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Can embryos be tested for common health problems when having IVF treatment?

“Can you test our embryos and see if they are healthy?” This is a common question we get when we discuss the process of IVF treatment and the information the embryologists get from their microscopes during fertilization. This subject has attracted further interest with the advance of preimplantation genetic testing, a screening test for genetic conditions that is now available in many fertility centers, for conditions such as thalassemia and cystic fibrosis.

The advance of human genetics has made it possible to collect samples and check the entire DNA code from different populations and so determine which gene versions may be responsible for disease development

While embryologists can tell much about the microscopic images of embryos, the number of cells, their shape and structure, the way embryos divide and grow within the first few days of life, the genetic code of embryos remains unknown, unless an embryo biopsy is put in action, a very delicate procedure, where small numbers of cells from the outside of an embryo are removed and sent over to genetics for screening tests.

Although genetics have been documented to contribute to many diverse disease processes , it is only a minority of those conditions that are solely due to a certain genetic background. Where disease is the result of a single gene we deal with a “monogenic condition”, as in thalassemia and cystic fibrosis for example, where preimplantation genetic diagnosis can successfully test an embryo through IVF for the faulty gene and allow only healthy embryos to be transferred.

However, the commonest health problems that present in our life span result from the interaction of our genetic background with the environment we live and the lifestyle we follow. Conditions such as diabetes, heart disease, cancer, Alzheimer disease, are all common health problems that account for the majority of health problems encountered in adult life. There is no one single gene that can predict the development of these conditions, except in a minority of cases. Instead, many different versions of genes have been identified that appear more often in such cases, shifting our interest from a single to a number of gene targets. Disease conditions such as these are called “polygenic”, as it is in the combination of a number of gene versions that we focus trying to get an estimate of how possible it is for the disease to happen.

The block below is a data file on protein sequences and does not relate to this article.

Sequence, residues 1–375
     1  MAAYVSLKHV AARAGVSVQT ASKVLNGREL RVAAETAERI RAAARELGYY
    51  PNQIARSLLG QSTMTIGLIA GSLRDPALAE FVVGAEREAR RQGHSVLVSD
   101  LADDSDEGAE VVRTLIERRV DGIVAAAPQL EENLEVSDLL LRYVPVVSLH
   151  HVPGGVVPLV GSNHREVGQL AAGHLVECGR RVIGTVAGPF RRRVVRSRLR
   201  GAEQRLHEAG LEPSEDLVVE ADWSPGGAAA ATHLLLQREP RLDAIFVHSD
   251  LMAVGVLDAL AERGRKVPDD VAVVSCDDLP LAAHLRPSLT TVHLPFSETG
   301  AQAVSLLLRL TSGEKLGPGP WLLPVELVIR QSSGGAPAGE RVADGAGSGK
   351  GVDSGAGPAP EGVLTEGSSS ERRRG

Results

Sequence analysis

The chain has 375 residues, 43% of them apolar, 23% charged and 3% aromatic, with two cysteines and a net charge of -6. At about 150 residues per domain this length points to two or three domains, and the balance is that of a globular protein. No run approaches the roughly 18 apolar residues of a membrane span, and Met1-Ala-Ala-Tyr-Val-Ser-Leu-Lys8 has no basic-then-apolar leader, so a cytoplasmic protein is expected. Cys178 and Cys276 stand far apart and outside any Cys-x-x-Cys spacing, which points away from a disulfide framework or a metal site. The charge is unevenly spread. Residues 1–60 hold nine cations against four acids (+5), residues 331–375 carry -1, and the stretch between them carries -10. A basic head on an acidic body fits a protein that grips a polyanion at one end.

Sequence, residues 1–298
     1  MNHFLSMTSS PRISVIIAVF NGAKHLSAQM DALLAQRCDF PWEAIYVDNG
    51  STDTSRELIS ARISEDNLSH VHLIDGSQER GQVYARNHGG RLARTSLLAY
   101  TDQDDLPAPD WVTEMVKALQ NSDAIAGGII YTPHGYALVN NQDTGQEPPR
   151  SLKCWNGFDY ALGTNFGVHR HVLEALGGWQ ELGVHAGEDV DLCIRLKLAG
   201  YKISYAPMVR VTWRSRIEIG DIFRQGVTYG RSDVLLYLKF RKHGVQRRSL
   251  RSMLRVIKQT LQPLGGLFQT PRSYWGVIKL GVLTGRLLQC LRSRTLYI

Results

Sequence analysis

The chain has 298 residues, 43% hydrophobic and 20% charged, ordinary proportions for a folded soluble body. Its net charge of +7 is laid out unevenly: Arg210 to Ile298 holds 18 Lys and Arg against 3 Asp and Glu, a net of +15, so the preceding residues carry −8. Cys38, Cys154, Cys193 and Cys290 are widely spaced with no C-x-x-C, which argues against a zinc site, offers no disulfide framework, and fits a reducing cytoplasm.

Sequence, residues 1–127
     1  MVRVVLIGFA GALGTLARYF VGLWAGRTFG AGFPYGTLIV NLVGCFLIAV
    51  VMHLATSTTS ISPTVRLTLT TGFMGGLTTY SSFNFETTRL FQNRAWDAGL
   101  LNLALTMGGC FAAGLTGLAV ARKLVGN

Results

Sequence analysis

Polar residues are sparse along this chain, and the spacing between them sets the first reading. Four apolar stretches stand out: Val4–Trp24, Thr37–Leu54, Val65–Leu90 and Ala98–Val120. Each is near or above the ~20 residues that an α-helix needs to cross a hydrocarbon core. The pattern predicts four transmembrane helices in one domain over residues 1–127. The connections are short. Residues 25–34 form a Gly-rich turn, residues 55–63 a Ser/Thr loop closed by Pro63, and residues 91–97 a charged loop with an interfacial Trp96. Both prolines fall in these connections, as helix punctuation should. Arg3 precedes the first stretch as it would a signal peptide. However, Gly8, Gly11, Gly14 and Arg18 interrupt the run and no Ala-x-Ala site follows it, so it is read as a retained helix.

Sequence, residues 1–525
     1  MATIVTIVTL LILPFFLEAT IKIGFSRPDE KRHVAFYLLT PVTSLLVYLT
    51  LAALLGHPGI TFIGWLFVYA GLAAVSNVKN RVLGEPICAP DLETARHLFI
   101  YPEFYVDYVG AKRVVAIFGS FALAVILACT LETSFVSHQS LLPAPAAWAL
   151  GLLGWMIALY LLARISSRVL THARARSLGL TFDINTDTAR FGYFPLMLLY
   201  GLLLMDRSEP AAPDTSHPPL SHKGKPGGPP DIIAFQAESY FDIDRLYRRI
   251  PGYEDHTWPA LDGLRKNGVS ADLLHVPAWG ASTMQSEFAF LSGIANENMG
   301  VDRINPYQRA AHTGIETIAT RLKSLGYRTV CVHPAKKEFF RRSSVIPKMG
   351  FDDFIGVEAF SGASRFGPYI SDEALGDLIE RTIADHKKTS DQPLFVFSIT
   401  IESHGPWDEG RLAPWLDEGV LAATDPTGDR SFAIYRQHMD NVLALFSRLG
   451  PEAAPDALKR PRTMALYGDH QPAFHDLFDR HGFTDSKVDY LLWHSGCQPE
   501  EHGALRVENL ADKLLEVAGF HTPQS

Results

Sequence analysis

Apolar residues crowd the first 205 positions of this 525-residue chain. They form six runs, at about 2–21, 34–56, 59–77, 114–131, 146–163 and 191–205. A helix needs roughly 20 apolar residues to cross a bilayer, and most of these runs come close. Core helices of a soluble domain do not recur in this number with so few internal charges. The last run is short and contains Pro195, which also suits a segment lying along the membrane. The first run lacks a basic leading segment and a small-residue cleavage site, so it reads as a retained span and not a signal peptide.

The advance of human genetics has made it possible to collect samples and check the entire DNA code from different populations and so determine which gene versions may be responsible for disease development. By comparing genetic backgrounds in healthy populations with populations where the disease if present geneticists have provided a list of gene candidates that determines the possibility of developing a specific condition. “Polygenic risk scores” are now attracting increasing attention, as a means to predict, prevent and manage early the possibility of health problems in future.

However, the application of genetics in predicting disease of such origin, where multiple genes are involved, is not an easy task, especially when the discussion turns to IVF treatment and pre-implantation genetic testing. Although the experience from successfully testing for monogenic conditions (thalassemia and cystic fibrosis) is long and well documented, the same cannot be held for polygenic conditions. Not only limitations of laboratory testing at present, but the nature of such health conditions mostly, makes it a challenge to use at everyday clinical practice. The reason being that even if we get genetic information about the possibility of developing diabetes, for example, we still lack the information about the role of environment and lifestyle an individual may adopt in future. Moreover, as studies have collected a vast amount of genetic information of populations at a certain point of time, we should question whether results of useful for health professionals in a different time and location in future, where not only the environment will have changed but along with it our everyday habits.

Concluding, checking IVF embryos for health problems is not only feasible but highly successful for monogenic conditions, where genetics are straight forward, and this is the core of preimplantation genetic testing nowadays in IVF labs. As human genetics advance rapidly we can also screen for polygenic conditions and stratify risk for disease development in future, however, the value of such an approach is still under investigation, as crucial questions remain to be answered: how accurate is the information we gather at such an early point of life, while we have a limited idea of the complex interaction with the environment.

©2021, Nicholas Christoforidis, Fertility Matters
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